THE Zambia Congress of Trade Unions (ZCTU) has asked government to consider increasing the Pay As You Earn (PAYE) threshold from K4,000 to K8,000.

In an interview, ZCTU president Nkole Chishimba said raising the threshold would help most workers overcome the negative effects of the economy.

“We have actually made a proposal that it is raised, it is not enough! We have proposed K8,000 actually. That is the proposal but it is bound to be considered. The general concept is that we want it increased. It may not come up exactly like that because these situations are negotiable. So, government must consider raising it. So that is our proposal. The message that we are sending across, it is not helpful at the level it is going by the state of our economy,” Chishimba said.

“One thing I want to elaborate is that we have been saying that the government must raise the tax base, broaden it, so that they also target the informal sector. There are a lot of workers in the informal sector, right now the burden is just on 10 percent of the total workforce who are in the formal sector. If they broaden it, even the people that they will bring on board will not suffer a heavy burden. Once they do that, because the question people will be asking is ‘if we increase the threshold to say K8,000, then don’t you think the government will lose out on revenue’, the answer is no! Once the tax base is broadened, that is very possible. So that is our position.”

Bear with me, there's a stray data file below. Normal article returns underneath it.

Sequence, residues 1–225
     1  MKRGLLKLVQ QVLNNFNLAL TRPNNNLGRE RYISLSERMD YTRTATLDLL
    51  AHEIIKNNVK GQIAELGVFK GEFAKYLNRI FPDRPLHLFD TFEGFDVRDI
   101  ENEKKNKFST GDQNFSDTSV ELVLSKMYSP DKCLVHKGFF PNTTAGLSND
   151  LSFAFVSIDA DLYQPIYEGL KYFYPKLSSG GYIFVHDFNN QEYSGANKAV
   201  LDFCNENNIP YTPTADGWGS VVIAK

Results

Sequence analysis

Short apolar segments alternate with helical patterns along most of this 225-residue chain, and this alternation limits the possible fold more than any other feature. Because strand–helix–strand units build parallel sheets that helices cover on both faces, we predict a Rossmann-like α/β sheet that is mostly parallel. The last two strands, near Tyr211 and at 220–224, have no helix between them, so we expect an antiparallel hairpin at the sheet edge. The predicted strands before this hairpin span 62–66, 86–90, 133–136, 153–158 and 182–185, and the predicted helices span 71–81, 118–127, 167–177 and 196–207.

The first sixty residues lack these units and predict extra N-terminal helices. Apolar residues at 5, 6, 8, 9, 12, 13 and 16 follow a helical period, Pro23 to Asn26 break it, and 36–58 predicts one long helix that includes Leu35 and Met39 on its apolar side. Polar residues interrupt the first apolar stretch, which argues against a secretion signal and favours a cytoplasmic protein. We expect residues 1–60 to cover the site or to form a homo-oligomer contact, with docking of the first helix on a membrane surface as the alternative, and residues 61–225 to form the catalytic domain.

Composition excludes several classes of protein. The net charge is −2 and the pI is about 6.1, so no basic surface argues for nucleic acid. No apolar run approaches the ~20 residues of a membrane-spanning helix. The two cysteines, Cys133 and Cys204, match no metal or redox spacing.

Chishimba also urged government not to cancel the debt swap programme but to simply engage stakeholders on how best it could be implemented.

“The best approach is that we should not be dealing with it in piecemeal, there has to be a comprehensive approach. In my view, the stakeholders should meet again to deal with it. Remember after it was proposed by the previous regime, they called stakeholders just to explain to them but our comment was that we were suspicious going with the timing, very close to the election and then bringing such a scheme. So, it means that most likely it was done hastily, or for political expediency. So, we need now to approach it with a sober mind and allow every thought to flow,” said Chishimba.

“There were a lot more questions than answers. That is why some of us didn’t believe in it. It looked like a relief to workers but I don’t think that is the way you relieve workers. A debt swap means that the money that you are expecting and also plan for is given to you, for example, leave dues, settling in allowances. You expected that to come and hit your account, then you find that you will never see it, it is going to settle the debt somewhere else, the debt that you also owe. I think morally that is not the best way to do it. I know people who were indebted felt relieved, so the best we can do is to get back to the drawing board. It can’t be cancelled like that, [we need] to get back to the drawing board.”